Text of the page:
Time’s arrow is always forward but what would we give to make our own time’s arrow turn back? Philosophy and fiction are masters of exploring both the joy and tragedy of aging and they usually disagree on whether it is more tragic or more joyful.
But always, they concede to its inevitability. But science has a peculiar role. It is the one that probes if our assumptions about life and death indeed have basis in physical realities. And it seems that for aging, the latest finding in science says we may not have to age.
The study was done by scientists from the University of California-Berkeley in collaboration with the Center for Regenerative Medicine of the Harvard Medical School as well as the Harvard Stem Cell Institute. Results from their study revealed that something may be able to reverse the wear and tear of aging. The study was published very recently in Cell Reports.
This is not about being rebooted to being a child or teenager again but in reversing the wear and tear of your body. This wear and tear may range from the wrinkling of skin to serious diseases like heart disease. When we age, our bodies gradually lose the power to regenerate itself and so we become vulnerable and succumb to ills. Why?
Scientists have known for a while now that this regeneration rests, in a major way, in a protein (formed by the action of a set of genes) that we naturally have but gradually lose as we age and it is called sirtuin. As early as 2008, science writer Nicolas Wade of the New York Times reported on a drug called Sirtris which was bought by GSK, a giant drug company. It capitalizes precisely on the regenerating powers of sirtuin. Up to now, we have yet to see this drug approved for general consumption. Scientists agree only on the point that we need to know more.
Sirtuin in mammals come in 7 forms, SIRT 1 to 7. The recent study I mentioned zeroed in on SIRT3 which is found in the mitochondria, that part of your cell that is like your power generator. This process, while it enables us to function, stresses out our bodies – a stress that scientists call “oxidative stress,” and over time, this takes a toll on our bodies.
When scientists injected SIRT3 in stem cells in blood, it boosted the ability of the blood cells to repair and renew themselves and the entire blood system. SIRT3 was also found to regulate the metabolism in the mitochondria which translates to our body’s overall ability to efficiently use energy. Past studies have pointed to SIRT3 playing a role in aging but this is the first time that it was demonstrated that it can reverse it.
The catch though is that they did it with mice. That is almost always the case with tests because it is unethical and illegal to do very bold tests like this one on humans. While the thought of ageless mice is not really appealing, the prospect of still being able to do the things one was able to do many years ago is something that we humans dream and write songs and poetry about.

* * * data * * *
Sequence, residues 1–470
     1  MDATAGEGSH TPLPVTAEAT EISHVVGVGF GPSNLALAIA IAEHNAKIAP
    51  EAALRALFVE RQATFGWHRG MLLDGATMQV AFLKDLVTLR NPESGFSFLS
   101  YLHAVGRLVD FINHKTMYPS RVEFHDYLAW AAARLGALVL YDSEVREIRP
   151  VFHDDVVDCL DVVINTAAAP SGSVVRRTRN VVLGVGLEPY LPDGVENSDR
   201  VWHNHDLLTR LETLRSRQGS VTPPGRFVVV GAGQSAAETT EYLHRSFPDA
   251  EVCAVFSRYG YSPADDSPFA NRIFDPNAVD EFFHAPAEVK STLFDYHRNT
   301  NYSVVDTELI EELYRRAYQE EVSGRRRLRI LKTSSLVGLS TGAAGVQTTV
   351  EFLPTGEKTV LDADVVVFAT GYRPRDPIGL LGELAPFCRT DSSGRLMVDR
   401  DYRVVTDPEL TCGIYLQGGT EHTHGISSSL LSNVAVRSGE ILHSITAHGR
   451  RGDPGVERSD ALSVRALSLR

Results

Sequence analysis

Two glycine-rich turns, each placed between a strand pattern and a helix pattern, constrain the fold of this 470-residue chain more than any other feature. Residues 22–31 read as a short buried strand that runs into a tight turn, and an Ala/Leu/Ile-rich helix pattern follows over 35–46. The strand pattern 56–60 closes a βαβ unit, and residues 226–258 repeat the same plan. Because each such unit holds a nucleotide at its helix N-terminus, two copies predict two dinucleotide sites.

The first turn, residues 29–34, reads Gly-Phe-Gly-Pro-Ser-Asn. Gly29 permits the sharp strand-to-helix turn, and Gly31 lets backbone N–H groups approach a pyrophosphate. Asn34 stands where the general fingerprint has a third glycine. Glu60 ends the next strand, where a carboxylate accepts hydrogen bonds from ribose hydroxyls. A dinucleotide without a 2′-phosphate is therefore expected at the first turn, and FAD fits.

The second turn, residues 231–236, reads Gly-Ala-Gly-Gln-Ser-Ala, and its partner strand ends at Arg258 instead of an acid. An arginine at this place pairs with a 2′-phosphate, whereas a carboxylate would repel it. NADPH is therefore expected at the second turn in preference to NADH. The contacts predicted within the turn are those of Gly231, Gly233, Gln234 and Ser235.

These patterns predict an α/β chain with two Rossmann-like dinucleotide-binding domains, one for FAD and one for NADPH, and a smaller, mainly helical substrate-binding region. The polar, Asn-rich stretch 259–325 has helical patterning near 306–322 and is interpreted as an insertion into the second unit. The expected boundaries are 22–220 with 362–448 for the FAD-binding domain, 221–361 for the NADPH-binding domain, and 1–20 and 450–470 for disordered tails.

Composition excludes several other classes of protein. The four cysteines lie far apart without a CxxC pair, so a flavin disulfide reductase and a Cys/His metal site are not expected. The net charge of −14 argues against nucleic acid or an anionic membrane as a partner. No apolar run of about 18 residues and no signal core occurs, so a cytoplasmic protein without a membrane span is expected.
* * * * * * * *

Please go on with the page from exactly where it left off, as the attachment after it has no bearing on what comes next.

I wonder if SIRT3 injections will work on the aging caused by loneliness. Last year in March 2012, in the journal Psychology and Aging, scientists found that the hearts of young people who considered themselves lonely resembled the hearts of old but unlonely people. What kind of protein could nudge brain cells to revert from tendencies such as loneliness and make our bodies degenerate?
And while we are it, how much of our physical and emotional lives are we going to surrender to time and how much of it to pharmacological intervention? The temptation of having a healthy body as long as I am living is undoubtedly tempting. However, the notion of just dropping dead one day without warning as shown by studies on the mice who took these drugs in similar tests before this one, is at the very least, quite anti-climactic. It would seem like I am a machine that just goes kaput without warning. No priming, no emotional scaling, none of the drama that aches, pains and illnesses play in the process of aging.
But I may think this way now because we humans know only one way to die a “natural death,” which is with aches and pains and the eventual forgetfulness as we age.
Maybe the human drama of aging would take another form. When that happens, we may have to revise the way we express the drama of our lives in poetry and song, and the phrase “sudden death” would no longer startle us. - Rappler.com
Maria Isabel Garcia is a science writer. She has written two books, “Science Solitaire” and “Twenty One Grams of Spirit and Seven Ounces of Desire.” Her column appears every Friday and you can reach her at firstname.lastname@example.org.